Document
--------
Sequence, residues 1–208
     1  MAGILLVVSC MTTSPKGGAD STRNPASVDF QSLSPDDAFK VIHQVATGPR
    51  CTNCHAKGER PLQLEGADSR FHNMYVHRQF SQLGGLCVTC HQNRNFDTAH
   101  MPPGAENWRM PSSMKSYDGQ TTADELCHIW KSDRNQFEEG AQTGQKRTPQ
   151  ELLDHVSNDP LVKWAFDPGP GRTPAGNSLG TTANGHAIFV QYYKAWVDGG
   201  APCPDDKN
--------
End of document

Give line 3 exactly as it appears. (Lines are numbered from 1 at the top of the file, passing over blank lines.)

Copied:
    51  CTNCHAKGER PLQLEGADSR FHNMYVHRQF SQLGGLCVTC HQNRNFDTAH